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Today in Christian History
Saracen leader Moslemah raises his siege of Constantinople, after a brilliant defense by Emperor Leo III, who thereby becomes the first Christian ruler to significantly thwart the advance of Islam. Because it is the Feast of the Assumption of Mary, the Byzantines ascribe their victory to the mother of Christ. After forsaking the siege, many of the Arab ships involved will be destroyed by a storm and others will burn when ashes from the volcano of Santorini fall on them.
Death in Esztergom, Hungary, of St. Stephen, first king of Hungary. Baptized and reared a Christian, he had founded many monasteries and churches and sent Christian missionaries throughout his realm.
The armies of the First Crusade set out from Europe to deliver Jerusalem from the occupying forces of Islamic Turks. Championed by Peter the Hermit in 1093, Pope Urban II had sanctioned the crusade at the Council of Clermont in 1095.
The first Christian missionaries to reach Japan landed at Kagoshima (on the coast of Kyushu, southernmost of the four main islands of Japan). They were a band of Spanish Jesuits, led by pioneer Catholic missionary Francis Xavier, 43.
Repose (death) of the venerable Gerasimus, a much-traveled ascetic, priest, and abbot of the Orthodox church.
Death, from inflammation of the brain, of Frederick W. Robertson, a prominent Anglican clergyman. His ministry had been mainly among the working classes but his writings were widely read and especially cherished by evangelicals. He had been ordained bishop of Winchester in 1840.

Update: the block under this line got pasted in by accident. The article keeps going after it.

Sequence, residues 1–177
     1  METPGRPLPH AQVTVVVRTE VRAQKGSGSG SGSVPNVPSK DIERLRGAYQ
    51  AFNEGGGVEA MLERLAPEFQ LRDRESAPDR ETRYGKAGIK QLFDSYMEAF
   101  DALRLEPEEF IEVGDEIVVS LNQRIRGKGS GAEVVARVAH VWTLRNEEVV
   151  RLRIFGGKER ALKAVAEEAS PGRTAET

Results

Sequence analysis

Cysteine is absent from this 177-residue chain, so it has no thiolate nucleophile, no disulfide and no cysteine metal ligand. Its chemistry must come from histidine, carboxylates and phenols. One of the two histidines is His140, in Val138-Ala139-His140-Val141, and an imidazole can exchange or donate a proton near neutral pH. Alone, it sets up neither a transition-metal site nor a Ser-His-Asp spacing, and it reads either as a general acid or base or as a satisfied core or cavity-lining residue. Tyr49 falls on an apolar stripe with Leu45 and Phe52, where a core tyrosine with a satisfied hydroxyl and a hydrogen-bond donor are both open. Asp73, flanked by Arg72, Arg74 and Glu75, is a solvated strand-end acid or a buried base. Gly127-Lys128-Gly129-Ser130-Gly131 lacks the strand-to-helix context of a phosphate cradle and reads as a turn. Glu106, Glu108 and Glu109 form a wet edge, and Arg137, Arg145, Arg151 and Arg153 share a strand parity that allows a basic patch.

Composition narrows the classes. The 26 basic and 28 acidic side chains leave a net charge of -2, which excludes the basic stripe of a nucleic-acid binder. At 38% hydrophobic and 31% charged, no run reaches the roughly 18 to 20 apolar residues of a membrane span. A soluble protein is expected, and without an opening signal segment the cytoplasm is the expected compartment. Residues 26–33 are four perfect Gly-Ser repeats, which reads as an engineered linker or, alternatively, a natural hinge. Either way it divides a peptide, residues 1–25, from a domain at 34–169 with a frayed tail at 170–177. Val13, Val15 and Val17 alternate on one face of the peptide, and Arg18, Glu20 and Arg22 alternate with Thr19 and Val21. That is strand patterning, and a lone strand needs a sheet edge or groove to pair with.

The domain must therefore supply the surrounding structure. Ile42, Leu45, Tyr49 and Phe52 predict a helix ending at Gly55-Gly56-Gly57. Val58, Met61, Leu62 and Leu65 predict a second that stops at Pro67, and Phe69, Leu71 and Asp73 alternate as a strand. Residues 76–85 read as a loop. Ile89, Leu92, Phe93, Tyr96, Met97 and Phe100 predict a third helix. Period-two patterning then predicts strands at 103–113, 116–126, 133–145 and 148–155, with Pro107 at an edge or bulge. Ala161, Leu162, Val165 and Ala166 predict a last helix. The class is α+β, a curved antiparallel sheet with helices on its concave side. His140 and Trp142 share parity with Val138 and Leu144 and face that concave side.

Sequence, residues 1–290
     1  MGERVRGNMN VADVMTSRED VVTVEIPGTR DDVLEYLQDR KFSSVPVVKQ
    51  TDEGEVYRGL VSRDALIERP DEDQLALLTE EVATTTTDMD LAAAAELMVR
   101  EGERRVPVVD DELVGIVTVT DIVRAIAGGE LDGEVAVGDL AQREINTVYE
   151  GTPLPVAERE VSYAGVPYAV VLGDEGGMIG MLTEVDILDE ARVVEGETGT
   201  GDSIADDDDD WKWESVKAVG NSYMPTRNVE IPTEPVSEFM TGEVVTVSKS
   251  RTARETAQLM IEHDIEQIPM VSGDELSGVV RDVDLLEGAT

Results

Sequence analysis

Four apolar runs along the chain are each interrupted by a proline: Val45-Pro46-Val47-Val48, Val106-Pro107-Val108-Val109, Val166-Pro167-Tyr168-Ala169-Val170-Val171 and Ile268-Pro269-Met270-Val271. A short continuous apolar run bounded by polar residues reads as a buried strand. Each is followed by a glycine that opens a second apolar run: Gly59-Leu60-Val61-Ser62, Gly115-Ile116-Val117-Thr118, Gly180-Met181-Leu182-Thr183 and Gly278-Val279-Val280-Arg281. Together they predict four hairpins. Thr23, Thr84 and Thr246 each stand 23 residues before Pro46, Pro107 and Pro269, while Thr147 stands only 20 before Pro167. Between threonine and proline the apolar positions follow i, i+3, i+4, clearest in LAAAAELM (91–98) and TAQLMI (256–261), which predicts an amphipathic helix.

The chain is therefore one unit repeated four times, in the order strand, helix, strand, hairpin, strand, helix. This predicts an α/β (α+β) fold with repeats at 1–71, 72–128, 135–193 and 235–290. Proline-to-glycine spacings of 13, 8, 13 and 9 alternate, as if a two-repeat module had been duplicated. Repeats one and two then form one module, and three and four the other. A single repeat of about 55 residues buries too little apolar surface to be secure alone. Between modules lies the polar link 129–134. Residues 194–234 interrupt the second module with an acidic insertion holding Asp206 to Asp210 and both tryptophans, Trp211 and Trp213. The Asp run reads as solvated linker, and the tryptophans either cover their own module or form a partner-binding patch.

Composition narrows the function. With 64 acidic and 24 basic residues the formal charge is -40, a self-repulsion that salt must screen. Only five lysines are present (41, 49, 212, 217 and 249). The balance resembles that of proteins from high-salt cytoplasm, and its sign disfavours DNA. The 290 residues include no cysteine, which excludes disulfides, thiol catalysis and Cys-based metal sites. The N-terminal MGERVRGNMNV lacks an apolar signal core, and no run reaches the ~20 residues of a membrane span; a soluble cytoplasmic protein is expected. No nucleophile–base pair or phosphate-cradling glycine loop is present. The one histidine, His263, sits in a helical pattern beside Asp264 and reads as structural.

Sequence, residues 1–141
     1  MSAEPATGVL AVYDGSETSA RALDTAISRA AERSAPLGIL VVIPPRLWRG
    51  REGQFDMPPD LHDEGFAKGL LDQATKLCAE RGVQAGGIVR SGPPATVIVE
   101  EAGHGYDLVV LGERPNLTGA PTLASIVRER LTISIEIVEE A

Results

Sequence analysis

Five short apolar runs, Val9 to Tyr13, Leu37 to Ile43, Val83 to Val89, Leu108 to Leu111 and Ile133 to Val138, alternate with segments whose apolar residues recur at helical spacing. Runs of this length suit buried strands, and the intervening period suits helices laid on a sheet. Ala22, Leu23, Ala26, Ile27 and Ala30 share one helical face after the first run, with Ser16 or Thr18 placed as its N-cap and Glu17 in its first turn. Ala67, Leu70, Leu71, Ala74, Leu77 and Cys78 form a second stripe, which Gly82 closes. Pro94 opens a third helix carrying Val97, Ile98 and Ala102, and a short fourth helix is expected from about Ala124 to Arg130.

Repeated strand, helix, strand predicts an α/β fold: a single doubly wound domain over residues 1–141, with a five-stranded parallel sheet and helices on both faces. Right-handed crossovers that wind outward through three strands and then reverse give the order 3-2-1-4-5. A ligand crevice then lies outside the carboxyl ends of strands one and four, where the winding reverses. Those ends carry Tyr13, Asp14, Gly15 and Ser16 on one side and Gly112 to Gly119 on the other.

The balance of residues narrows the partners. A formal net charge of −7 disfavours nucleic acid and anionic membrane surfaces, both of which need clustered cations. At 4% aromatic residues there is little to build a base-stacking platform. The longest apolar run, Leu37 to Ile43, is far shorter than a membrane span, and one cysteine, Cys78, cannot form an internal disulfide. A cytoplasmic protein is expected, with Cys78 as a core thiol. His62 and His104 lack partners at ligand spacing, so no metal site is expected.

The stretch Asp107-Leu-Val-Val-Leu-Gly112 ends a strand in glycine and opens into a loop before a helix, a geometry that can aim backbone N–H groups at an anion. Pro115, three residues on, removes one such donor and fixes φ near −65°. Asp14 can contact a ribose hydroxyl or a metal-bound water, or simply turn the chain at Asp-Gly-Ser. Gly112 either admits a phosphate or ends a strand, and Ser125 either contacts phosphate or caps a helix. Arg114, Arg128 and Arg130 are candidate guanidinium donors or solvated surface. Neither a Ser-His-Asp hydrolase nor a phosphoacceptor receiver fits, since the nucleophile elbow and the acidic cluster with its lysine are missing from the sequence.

An All-Russian Church Council convenes in Moscow. It will restore the Patriarchial form of church government abolished by Peter the Great almost two hundred years earlier in 1721.
A truck-load of rebel soldiers takes over the hospital compound at Nobobongo, Congo, which they will occupy for five months. Among the women held by them is medical missionary Dr. Helen Roseveare who will live to tell a tale of severe abuse and terror. (For example, she will be repeatedly raped and a local chief will be found "guilty" by a "people's court" and flayed alive and eaten.)
Latin American bishops issue the "Message of the Bishops of the Third World" denouncing structural oppression in society. It is part of the development of what is called "liberation theology."
Pope John Paul II addresses the role and importance of women in an apostolic letter, but reaffirms the male-only priesthood for certain church rituals such as the mass.
© 1987-2020, William D. Blake. Portions used by permission of the author, from "Almanac of the Christian Church"